More and more retailers are finding that 'big data' can help boost sales, when used in the right way, says Intel UK's Elaine Cook.
The strategic marketing director for retail technology was speaking at an Ecommerce Expo keynote about big data - a term used to describe complex data sets which can be difficult to process.
"Retail may have started to turn a corner with big data. More retailers are finding that big data can revitalise their industry which is challenged by the economy and mobile profiling [or 'showrooming'].
"There's increased investment in tech in the retail space. 1TB of data now costs about £50 a year. As costs come down, retailers are able to see the benefits.
"Retailers using big data to its full potential could increase operating margins by 60 per cent according to a report by Mckinsey."
Cook mentioned that 54 per cent of customers abandon a purchase in-store after checking info online using their smartphone.
She also stressed the importance of omnichannel, and said that customers who used both online and in-store channels spend 36 per cent more than single-channel shoppers.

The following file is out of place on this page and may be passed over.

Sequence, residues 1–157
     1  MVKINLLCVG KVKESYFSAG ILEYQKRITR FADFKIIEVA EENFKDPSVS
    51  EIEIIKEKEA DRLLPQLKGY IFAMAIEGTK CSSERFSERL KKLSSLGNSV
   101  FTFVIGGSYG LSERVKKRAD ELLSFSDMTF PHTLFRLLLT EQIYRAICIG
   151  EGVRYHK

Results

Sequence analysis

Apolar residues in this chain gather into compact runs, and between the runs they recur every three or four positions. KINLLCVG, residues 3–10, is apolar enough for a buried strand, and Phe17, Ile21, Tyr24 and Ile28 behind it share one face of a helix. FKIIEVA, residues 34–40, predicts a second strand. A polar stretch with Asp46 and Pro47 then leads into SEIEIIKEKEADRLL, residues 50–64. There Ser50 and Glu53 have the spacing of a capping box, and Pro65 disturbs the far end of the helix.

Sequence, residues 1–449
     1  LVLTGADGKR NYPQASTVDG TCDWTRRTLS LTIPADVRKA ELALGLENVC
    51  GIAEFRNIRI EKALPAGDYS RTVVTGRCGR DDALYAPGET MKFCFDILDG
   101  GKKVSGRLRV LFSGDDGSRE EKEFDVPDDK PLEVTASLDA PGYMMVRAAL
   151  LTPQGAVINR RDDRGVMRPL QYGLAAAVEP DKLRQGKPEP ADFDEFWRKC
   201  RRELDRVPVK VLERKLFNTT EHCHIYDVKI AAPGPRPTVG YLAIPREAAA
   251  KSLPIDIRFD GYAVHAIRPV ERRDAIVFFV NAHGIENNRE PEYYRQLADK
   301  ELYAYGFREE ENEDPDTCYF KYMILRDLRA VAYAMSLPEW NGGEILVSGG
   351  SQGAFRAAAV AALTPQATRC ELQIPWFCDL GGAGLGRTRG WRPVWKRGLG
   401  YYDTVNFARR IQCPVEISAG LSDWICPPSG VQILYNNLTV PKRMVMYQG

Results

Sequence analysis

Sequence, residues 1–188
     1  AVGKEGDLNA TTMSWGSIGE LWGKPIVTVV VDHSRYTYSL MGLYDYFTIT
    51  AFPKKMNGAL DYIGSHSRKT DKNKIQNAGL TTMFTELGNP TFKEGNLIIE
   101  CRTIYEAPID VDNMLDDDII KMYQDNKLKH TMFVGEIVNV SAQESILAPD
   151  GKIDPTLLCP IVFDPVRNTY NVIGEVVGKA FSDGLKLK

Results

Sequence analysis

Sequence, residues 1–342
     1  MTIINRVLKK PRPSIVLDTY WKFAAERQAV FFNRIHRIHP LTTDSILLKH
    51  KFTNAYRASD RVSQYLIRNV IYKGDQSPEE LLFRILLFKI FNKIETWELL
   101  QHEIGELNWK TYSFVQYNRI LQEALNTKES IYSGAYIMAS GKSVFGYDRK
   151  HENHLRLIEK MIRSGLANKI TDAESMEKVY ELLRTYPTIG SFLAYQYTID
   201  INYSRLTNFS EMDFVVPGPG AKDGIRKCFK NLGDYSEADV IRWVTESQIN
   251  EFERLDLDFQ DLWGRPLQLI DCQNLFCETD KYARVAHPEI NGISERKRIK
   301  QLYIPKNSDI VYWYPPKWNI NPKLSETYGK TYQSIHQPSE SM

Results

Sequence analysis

Cook said that the "explosion of data presents new business opportunities" and that retailers, by analysing sales data and other data in the right way, can benefit.
"You have to turn data into something useful in order to monetise it," Cook added. "Make it relevant to retail - for example being able to take data and start predicting what the hot products will be this Christmas.
"Every two years, the amount of info available to retailers is doubling.
"For smaller companies, you need to look at what business problems you are trying to solve. What data sources do I have available to me? Then work to produce something meaningful that helps drive your business forward.
"Can you get weekly sales reports daily or every few hours to increase efficiency and spot trends?
"To tackle a problem, look at the data, look at a solution, then implement that solution.
"Trying and seeing if something works - then refining it - is way to go with big data."